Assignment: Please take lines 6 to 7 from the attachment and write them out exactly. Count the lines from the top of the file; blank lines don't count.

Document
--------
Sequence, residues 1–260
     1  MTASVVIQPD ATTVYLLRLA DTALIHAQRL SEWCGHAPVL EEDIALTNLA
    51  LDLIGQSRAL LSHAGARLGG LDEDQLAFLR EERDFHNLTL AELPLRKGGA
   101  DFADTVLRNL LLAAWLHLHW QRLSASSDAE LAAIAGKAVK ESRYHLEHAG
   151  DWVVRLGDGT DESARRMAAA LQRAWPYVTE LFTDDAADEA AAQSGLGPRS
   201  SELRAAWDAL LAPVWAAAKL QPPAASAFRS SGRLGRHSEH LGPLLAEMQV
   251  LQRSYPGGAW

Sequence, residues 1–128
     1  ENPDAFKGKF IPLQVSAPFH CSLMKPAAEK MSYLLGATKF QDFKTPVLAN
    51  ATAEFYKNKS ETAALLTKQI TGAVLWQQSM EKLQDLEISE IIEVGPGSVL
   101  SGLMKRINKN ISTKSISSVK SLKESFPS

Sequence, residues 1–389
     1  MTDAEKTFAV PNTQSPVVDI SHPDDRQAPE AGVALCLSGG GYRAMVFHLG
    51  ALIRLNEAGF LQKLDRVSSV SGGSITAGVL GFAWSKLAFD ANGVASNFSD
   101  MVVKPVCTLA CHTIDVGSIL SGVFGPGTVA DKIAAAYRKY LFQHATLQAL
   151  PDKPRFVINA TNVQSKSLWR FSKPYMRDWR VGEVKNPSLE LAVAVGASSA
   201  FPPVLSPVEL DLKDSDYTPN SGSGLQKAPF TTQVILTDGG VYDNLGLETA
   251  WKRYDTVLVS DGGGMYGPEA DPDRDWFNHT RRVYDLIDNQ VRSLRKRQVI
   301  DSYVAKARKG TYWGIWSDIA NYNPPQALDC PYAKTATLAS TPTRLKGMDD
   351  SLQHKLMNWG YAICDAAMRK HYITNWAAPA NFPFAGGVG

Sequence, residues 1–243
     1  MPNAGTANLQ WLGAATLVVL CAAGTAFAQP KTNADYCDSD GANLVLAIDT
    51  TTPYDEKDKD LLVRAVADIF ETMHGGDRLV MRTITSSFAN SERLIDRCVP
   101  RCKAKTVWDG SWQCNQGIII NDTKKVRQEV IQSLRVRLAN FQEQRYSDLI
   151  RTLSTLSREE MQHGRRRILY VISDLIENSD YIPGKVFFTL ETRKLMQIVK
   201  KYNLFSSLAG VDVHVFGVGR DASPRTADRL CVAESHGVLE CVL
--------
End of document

   201  SELRAAWDAL LAPVWAAAKL QPPAASAFRS SGRLGRHSEH LGPLLAEMQV
   251  LQRSYPGGAW